Legislation that has passed the House and is pending in the Senate would make it easier to remove racist language from Mississippi property deeds.
State Rep. Jansen Owen, R-Poplarville, who also is an attorney, said he authored the legislation after representing clients who were purchasing some land in Pearl River County, when, through his research, he discovered old language in the deed prohibiting African Americans from owning or living on the land.
“I told them the language was not enforceable,” said Owen, who said the African American family still felt uncomfortable having the language in the deed for their property.
Owen said he decided to introduce the bill to make it inexpensive for families in similar circumstances to remove the racist language.
“People take great respect in the property they own,” Owen said. “It means something to them.
“This is just a simplified way for people to show the property they own was once held by individuals who believed they should not own it because of their skin color. It shows that has been removed from the chain of title by the property owner.”
Owen said people purchase property and want to pass it on to their children and such discriminatory language makes them uncomfortable. Owen said his clients who led to his introduction of the legislation expressed the desire to remain unnamed.
In 1948, the Supreme Court ruled such language as discriminatory and unconstitutional, making those deeds unenforceable. Federal laws have been passed to fortify the Supreme Court ruling.
During earlier debate on the House floor, Rep. Randy Boyd, R-Mantachie, and others questioned why the bill was needed since the language is unenforceable. Boyd questioned whether it was “a lawyer’s bill,” giving attorneys an opportunity to make money.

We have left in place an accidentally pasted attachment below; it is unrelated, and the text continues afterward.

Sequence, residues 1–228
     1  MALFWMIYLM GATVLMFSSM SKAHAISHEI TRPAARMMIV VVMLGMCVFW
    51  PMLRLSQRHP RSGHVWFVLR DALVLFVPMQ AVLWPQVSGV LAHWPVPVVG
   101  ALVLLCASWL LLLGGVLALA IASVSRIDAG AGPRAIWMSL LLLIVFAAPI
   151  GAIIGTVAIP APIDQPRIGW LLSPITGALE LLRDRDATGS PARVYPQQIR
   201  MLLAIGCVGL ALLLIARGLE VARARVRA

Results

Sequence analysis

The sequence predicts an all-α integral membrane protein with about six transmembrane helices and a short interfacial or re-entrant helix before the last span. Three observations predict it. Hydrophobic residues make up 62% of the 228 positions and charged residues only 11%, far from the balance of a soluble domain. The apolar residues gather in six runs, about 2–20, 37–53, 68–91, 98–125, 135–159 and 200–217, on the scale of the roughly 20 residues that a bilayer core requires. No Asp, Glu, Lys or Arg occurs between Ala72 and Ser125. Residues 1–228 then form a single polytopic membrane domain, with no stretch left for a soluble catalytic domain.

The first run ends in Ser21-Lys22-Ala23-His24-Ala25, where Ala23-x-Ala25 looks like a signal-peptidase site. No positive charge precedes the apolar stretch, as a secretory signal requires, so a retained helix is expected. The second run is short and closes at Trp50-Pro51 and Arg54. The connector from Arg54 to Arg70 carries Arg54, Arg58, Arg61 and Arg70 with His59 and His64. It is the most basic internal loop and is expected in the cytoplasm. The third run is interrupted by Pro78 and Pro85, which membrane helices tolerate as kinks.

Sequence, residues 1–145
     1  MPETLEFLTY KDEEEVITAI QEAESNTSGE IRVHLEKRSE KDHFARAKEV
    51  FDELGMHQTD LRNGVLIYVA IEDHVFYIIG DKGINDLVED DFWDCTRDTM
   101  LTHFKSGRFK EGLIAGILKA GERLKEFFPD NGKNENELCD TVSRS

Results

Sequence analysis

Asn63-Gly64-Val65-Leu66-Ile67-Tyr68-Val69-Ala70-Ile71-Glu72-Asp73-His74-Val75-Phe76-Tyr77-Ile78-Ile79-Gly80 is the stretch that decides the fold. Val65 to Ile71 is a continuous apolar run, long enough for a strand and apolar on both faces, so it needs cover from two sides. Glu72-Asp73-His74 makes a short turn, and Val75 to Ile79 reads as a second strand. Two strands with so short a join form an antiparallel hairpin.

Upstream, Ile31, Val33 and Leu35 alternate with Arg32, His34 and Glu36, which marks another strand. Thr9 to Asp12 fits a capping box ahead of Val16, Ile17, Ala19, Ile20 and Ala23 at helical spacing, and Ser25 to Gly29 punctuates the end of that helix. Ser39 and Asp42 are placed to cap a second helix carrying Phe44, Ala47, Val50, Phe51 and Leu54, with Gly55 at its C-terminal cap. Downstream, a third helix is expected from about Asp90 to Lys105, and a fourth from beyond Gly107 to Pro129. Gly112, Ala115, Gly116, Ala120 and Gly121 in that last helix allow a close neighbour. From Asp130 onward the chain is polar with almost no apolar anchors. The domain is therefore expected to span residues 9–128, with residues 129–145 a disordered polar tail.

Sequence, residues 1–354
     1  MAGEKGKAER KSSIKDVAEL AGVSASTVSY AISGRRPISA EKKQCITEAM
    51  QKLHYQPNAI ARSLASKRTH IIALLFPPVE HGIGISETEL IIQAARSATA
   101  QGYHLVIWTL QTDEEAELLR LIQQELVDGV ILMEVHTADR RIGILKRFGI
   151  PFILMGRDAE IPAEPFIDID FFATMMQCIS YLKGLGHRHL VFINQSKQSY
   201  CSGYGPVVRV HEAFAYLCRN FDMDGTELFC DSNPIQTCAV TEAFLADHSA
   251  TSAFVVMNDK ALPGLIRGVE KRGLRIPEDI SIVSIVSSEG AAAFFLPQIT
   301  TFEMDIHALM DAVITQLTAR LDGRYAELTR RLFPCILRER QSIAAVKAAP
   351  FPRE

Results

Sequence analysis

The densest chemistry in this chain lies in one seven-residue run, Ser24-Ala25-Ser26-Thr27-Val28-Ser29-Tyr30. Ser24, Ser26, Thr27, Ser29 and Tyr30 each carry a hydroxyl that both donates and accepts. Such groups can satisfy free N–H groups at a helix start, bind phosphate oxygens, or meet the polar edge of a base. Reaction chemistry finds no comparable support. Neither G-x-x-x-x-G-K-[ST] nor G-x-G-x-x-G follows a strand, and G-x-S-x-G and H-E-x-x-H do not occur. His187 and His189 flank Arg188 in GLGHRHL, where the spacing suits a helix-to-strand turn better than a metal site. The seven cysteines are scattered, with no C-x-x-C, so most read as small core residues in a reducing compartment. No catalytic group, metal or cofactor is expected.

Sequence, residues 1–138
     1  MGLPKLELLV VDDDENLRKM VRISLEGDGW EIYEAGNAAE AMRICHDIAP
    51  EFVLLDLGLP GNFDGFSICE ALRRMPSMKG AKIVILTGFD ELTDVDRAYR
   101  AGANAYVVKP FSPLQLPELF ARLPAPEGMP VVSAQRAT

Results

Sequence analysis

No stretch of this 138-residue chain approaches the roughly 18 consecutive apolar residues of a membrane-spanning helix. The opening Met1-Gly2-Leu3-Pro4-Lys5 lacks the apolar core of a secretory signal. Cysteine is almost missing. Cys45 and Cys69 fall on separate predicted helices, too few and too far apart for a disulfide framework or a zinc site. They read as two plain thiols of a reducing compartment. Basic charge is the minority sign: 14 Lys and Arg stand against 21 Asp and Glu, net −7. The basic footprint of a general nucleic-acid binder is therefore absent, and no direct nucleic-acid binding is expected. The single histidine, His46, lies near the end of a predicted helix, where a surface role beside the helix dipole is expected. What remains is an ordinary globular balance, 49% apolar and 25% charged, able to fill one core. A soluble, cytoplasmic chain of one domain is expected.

Owen said under current law it takes an attorney to file the motion in chancery court to remove the language, making the process costly. Under his bill, an attorney would not be needed. The landowner could simply fill out a form that is in the bill and a chancellor could sign off on the form without holding a hearing.
Rep. Bryant Clark, D-Pickens, who is an attorney and member of the Legislative Black Caucus, said he thought it would be good to provide a simple mechanism to remove the language.
“I have run across similar language, and I just did not bring it forward,” Clark said. “It is unenforceable. But I could see where real estate attorneys who wanted to be safe would feel they are obligated to” not remove the language from the deed on their own.
Clark voted for the measure. A similar measure passed in Texas.